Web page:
Elon Musk, already the startup world’s favourite entrepreneur, took a step closer to all our hearts yesterday when he open sourced all of Tesla’s patents. His thoughts about patents in general are spot on:

When I started out with my first company, Zip2, I thought patents were a good thing and worked hard to obtain them. And maybe they were good long ago, but too often these days they serve merely to stifle progress, entrench the positions of giant corporations and enrich those in the legal profession, rather than the actual inventors.

We were talking about patents in the office yesterday saying that for the startups we invest in patents are sometimes worth having because they impress large companies in partnership discussions and at exit, but that’s about it. The trick to protecting yourself is to keep innovating. Elon put it like this:

Technology leadership is not defined by patents, which history has repeatedly shown to be small protection indeed against a determined competitor, but rather by the ability of a company to attract and motivate the world’s most talented engineers. We believe that applying the open source philosophy to our patents will strengthen rather than diminish Tesla’s position in this regard.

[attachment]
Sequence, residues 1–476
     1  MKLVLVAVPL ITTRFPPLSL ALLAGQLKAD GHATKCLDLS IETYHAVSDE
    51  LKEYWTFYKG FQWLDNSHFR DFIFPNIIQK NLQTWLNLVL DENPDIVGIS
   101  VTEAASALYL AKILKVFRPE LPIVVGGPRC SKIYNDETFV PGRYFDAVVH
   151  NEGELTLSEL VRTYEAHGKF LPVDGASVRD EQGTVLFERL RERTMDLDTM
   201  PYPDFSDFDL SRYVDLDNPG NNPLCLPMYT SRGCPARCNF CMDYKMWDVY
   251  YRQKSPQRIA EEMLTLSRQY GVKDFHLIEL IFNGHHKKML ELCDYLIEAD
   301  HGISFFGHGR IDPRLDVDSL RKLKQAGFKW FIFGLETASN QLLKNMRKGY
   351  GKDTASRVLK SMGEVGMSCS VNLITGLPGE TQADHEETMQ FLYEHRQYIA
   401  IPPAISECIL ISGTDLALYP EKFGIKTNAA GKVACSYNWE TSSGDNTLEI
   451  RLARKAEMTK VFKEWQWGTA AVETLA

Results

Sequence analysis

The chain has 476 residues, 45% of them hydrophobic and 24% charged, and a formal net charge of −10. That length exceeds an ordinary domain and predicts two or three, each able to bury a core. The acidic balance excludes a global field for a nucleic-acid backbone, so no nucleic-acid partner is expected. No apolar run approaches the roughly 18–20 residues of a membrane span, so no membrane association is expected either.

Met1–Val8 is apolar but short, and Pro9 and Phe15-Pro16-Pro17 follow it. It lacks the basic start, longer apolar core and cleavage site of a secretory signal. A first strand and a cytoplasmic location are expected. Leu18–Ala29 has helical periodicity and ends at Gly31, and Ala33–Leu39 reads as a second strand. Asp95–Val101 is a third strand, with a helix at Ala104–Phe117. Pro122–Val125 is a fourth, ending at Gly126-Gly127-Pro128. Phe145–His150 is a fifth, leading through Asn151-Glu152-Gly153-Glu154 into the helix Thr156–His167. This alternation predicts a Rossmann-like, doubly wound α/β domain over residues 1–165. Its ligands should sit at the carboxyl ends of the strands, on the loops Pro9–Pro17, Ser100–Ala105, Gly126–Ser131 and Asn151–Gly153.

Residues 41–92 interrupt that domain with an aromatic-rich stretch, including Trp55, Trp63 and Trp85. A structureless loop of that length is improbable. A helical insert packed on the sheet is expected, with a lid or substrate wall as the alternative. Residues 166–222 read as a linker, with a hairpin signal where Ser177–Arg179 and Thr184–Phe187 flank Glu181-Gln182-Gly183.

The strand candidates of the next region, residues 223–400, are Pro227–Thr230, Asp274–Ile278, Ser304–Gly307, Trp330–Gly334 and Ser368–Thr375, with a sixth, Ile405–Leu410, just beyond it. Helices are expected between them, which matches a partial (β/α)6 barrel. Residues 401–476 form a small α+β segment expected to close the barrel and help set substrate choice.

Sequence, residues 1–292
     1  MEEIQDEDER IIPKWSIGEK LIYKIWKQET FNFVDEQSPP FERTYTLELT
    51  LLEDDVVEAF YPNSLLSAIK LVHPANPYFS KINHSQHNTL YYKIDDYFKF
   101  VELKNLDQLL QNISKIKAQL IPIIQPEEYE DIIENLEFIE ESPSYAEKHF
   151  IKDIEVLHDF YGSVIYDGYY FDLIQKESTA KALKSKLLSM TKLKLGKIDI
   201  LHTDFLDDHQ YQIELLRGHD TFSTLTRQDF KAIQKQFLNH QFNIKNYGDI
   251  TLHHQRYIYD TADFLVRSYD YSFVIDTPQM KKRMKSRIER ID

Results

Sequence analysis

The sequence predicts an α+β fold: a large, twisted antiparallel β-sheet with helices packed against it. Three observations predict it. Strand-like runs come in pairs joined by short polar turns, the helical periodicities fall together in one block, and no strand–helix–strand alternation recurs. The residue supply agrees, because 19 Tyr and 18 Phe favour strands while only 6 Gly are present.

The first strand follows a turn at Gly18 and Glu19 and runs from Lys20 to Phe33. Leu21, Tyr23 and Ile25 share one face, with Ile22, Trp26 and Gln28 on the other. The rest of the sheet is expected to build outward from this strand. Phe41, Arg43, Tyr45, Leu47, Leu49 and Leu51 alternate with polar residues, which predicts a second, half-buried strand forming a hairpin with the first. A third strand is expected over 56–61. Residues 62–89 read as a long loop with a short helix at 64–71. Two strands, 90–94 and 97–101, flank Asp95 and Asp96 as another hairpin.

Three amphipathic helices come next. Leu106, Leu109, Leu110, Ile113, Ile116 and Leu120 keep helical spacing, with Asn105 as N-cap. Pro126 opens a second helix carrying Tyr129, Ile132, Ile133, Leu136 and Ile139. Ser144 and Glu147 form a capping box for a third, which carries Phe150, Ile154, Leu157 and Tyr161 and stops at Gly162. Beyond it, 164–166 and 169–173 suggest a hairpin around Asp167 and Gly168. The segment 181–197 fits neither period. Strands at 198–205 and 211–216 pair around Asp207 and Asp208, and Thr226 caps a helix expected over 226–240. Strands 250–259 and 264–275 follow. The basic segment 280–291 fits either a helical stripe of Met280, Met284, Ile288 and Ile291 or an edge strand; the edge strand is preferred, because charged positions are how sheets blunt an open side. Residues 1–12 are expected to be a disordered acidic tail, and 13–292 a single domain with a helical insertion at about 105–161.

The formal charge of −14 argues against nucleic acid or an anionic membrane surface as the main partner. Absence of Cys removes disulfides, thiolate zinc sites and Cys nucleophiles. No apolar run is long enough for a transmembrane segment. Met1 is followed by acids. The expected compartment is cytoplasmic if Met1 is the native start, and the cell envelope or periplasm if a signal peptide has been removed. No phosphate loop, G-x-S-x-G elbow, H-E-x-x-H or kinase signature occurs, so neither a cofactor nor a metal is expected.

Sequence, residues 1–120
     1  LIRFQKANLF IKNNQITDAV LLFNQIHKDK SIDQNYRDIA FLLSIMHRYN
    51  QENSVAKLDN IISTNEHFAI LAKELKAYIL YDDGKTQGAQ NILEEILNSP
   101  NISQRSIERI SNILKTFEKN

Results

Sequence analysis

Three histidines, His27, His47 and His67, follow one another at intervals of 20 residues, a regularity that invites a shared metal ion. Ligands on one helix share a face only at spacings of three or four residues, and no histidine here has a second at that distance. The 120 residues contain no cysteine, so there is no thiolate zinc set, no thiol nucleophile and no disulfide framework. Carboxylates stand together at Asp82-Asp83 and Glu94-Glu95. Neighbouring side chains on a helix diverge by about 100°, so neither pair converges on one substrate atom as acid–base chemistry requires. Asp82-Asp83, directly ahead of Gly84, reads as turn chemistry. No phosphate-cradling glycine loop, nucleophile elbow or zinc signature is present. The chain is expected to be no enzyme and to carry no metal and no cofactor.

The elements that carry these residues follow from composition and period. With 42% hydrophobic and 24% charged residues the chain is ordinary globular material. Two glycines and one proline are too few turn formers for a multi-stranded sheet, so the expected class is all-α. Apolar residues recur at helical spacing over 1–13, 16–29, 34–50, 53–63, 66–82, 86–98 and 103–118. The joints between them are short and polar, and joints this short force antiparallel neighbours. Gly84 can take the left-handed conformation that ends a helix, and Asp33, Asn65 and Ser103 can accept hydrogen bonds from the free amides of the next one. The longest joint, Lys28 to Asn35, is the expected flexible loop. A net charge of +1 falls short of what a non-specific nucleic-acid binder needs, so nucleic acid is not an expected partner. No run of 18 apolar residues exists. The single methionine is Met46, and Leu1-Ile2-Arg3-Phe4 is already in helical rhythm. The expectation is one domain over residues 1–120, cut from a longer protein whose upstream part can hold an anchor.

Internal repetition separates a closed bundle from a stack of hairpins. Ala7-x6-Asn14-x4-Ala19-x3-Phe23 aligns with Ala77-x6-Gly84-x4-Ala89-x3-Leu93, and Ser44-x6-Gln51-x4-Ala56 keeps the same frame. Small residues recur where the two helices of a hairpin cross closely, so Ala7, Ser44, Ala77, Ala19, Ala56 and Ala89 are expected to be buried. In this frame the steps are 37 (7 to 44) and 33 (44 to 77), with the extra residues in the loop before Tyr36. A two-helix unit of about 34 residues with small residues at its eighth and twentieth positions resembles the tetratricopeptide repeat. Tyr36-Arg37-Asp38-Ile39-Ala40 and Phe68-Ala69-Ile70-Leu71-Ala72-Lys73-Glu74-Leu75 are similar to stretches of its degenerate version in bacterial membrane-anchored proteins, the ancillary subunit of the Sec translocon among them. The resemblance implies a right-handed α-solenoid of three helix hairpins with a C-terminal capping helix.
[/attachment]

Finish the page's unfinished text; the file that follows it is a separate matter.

• Mark Hammond

    In early stage deep tech they’re definitely more relevant than perceived value at exit, they give you the breathing space to innovate, with out them established players and trolls will use them as a weapon. I’m only commenting because I see more and more startups with young founders seeing them as completely unnecessary and subsequently leaving themselves open to substantial risk in a world where producing things just isn’t that tough any more. I love what Tesla has done here but unfortunately it’s only possible now they’ve had the breathing space to build a brand around that technology.

  • http://www.theequitykicker.com brisbourne

    Agreed for deep tech. Not so much for the companies we invest in.